Sunday, 22 January 2012

'People will always need...'


Pic by Nico Ordozgoiti

You get some really funny ideas in the shower.

I started thinking about Kodak, and it's sad fall from grace, largely caused by it's inability to be able to pivot quickly enough, and embrace the digital age.

A previously unassailable brand titan, brought down to earth by a variety of factors.

But the one reason that I was thinking about was the one sentence that we all use in our everyday lives without really thinking about it's relevance: 'People will always need *insert item here*'



I'm sure we all heard people use that phrase for a variety of reasons. It's probably not given you an cause for concern - or them. But it's a very dangerous sentence.

It's the same kind of thinking that got the musc industry into so much trouble. After all, people will always need CDs, won't they? They'll always want physical products.

People will always need DVD's, won't they? After all, it's the experience of holding onto that little shiny plastic cover that we'll always cherish.

Let's get one thing straight: the only things we are hot-wired to do as people is to survive, socialise, and maintain relationships.

Businesses saw the internet, and assumed that they could apply the same principles to it as they could to the 'real' world of cash registers, queues and physical products. They should have seen the fall coming.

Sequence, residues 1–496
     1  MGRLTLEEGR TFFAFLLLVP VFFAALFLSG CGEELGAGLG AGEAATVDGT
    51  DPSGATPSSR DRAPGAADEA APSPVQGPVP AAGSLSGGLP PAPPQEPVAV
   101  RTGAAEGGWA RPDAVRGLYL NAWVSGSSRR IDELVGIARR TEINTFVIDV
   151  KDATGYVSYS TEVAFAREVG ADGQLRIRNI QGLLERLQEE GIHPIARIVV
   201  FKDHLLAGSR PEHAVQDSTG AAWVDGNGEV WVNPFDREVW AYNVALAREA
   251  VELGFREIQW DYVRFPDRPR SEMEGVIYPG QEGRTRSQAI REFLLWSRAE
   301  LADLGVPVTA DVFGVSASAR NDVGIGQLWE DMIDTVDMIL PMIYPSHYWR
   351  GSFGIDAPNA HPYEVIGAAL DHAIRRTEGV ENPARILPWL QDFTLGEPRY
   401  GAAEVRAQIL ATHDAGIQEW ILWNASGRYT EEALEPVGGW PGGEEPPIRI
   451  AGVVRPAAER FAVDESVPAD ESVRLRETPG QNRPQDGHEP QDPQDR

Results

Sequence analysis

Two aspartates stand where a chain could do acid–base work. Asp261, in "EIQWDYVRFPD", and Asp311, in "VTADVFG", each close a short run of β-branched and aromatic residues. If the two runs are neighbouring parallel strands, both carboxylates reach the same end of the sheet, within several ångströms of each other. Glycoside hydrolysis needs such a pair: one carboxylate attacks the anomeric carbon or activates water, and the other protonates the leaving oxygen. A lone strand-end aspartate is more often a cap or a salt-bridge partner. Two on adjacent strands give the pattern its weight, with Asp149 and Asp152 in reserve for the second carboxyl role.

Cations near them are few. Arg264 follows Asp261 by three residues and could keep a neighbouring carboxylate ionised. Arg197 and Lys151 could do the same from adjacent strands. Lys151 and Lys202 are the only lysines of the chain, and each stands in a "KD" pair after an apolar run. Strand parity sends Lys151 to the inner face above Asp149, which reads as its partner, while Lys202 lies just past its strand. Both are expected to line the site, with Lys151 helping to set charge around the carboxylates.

The internet has enabled disruption of previously unassailable markets. It has changed the landscape, and it has been responsible for innovations and developments in technology, business and freedom that were previously unheard of.

For every Kodak, there is an Instagram. For every HMV, there is an iTunes. For every iTunes, there is a Spotify. For every netbook, there's a tablet. For every Myspace, there's a Facebook. For every Facebook, there's a... Well, who knows?

Never assume that people will always want, or even need your product or idea. Be prepared to change, pivot and remain agile.

If you don't, you will end up going the way of the dinosaurs, or the Gutenberg press - fantastic to look at, but ultimately museum-bound.